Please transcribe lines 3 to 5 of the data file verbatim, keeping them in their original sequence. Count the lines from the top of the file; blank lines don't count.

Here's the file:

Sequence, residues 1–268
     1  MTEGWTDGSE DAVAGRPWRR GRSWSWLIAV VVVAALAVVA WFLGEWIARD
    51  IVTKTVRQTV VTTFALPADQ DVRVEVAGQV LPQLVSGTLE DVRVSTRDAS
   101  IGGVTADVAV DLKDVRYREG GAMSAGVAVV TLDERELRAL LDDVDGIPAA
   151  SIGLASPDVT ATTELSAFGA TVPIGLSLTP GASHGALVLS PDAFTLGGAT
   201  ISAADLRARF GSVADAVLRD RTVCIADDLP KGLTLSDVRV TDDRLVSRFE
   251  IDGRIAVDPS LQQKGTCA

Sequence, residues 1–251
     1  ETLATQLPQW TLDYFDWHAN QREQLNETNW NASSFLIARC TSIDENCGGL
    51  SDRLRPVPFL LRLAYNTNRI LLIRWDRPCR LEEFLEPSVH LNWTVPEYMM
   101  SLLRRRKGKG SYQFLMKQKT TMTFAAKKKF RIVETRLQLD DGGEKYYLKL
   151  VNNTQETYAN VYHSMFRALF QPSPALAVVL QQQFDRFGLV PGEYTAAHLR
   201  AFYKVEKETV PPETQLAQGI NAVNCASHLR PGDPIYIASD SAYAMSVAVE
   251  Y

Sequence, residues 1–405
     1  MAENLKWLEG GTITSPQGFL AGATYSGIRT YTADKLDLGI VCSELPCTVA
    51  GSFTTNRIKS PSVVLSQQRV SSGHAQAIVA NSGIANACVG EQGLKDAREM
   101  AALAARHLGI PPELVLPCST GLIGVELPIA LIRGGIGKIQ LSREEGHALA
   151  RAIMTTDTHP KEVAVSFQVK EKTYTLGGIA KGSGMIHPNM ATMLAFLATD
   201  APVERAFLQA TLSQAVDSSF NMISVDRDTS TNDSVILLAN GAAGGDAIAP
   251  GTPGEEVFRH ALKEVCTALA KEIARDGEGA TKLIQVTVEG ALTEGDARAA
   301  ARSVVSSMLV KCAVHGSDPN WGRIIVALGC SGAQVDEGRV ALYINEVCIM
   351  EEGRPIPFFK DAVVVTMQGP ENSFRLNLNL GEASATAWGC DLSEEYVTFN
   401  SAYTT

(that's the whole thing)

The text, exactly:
    51  IVTKTVRQTV VTTFALPADQ DVRVEVAGQV LPQLVSGTLE DVRVSTRDAS
   101  IGGVTADVAV DLKDVRYREG GAMSAGVAVV TLDERELRAL LDDVDGIPAA
   151  SIGLASPDVT ATTELSAFGA TVPIGLSLTP GASHGALVLS PDAFTLGGAT